Education: The Vehicle Out of Poverty

The girls and Dr. Grewal featured in a newspaper in Punjab, India

The girls and Dr. Grewal featured in a newspaper in Punjab, India

Child marriage, gender roles and poverty. Envision flipping sides of the world– that is what one would be surrounded by.

In the state of Punjab, India, those three elements are the biggest hindrance towards equal access of education, especially for girls. In the USA, education is accessible to almost everyone, but flip sides of the world and it could be taken away in an instant.

Dr. Iman Grewal who got a Ph.D in Education Studies with a concentration in Urban Studies from Eastern Michigan University, grew up in the state of Punjab herself. She noticed the unfair treatment of girls who were forced to undergo abortion by their mothers’-in-laws if the fetus was a girl, and the implied goal that they should live to be a good wives and nothing else. When a family has limited resources, they invest in the boys of the family rather than the girls. “I was very young and I wanted equality,” she said, “When I went back to school five years ago to do my Ph.D, I decided to focus my interest in children’s rights, on India and education access. I think education is the definite vehicle out of poverty and if you can reach a school you can succeed and pull yourself out of poverty.”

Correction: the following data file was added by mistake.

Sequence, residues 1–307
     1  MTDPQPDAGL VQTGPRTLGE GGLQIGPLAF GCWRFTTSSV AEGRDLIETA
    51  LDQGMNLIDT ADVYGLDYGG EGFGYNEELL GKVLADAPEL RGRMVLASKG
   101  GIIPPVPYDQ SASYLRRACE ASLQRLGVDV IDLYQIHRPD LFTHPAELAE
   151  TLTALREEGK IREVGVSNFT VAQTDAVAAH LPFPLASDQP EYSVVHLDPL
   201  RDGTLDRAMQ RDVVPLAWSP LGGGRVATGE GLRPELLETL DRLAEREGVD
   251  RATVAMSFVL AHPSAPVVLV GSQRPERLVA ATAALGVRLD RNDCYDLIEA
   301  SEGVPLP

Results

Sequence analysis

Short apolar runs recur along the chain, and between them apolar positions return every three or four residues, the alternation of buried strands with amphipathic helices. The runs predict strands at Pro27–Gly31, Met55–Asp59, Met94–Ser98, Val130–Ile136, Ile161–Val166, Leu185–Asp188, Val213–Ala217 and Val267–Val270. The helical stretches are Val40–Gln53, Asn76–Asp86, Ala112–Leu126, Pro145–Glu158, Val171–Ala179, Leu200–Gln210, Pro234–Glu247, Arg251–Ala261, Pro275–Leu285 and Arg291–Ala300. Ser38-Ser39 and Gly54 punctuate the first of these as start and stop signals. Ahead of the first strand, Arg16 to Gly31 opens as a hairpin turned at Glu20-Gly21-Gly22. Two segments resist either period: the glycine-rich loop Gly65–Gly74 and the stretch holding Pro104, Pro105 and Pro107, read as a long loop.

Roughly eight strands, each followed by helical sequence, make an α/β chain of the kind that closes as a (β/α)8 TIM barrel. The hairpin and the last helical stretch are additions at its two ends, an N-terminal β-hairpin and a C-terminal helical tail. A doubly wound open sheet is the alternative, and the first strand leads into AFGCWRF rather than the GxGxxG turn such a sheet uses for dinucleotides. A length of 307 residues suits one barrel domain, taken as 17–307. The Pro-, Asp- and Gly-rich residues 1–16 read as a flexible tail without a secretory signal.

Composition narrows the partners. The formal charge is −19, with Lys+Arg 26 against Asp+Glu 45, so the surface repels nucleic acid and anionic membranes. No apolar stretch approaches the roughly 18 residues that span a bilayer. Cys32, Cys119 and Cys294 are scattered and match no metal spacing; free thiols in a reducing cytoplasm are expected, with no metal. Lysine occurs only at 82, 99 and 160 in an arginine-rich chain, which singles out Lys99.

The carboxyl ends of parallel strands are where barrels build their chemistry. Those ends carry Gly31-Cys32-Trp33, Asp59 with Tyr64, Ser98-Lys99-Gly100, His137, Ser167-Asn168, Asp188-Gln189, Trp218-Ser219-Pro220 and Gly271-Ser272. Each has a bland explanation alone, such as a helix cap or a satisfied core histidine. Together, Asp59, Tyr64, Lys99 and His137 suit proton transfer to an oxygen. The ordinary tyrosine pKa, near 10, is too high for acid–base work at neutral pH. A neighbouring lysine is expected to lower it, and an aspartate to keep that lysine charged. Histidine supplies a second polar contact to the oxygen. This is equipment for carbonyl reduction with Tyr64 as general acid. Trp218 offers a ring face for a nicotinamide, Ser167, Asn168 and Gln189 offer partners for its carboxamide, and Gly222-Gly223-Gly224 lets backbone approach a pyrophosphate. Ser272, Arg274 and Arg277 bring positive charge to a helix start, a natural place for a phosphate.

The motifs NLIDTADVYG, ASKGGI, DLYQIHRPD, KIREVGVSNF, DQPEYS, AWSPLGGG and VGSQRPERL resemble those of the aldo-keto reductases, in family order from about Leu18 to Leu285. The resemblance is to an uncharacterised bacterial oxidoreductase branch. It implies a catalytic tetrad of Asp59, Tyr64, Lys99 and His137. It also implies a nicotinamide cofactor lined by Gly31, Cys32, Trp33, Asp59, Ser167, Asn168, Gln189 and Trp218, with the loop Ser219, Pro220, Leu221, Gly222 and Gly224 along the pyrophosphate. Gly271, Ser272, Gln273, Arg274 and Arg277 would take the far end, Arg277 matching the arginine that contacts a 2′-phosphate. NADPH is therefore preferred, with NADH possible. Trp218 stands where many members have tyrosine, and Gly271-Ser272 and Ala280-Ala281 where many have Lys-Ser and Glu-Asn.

Dr. Grewal proceeded to consider 20 girls in Punjab, and eventually picked six to observe closely. “My hope was to start small and expand the project to help the girls gain access to the education they wanted and needed. I chose the 6 girls because they showed the highest combination of potential and need. We wanted the girls with the fire in them.”

She scrutinized their daily lives and discovered their goals and aspirations. “Over and over they said they want to become someone so they are respected and can be financially stable themselves instead of being dependent on a husband,” she said.

The access to education is limited, and Dr. Grewal decided to give back in some way. She sent financial support and asked friends to be mentors to the girls in India, with hopes that they would have someone to be there for them and to help them get through their studies successfully.

Fathers were completely disregarded in this study, since the men of the family have much more power than anyone else. They were assumed to not want their girls to go to school. Some mothers were hesitant to let their daughters go to school because they themselves came from the village and received no education, and some wanted their daughters to have a better life and were completely supportive of the decision. One mother said, “I look at the people’s houses I clean as a maid, and if I’d gone to school maybe I could own that house not be cleaning it.” Now they want a better life for their daughters.

After checking on the project two years later Dr. Grewal remarks about the change, “They were more determined because they saw someone who believed in them. It’s not a magical difference, but it shows.”

Listen to the whole interview here: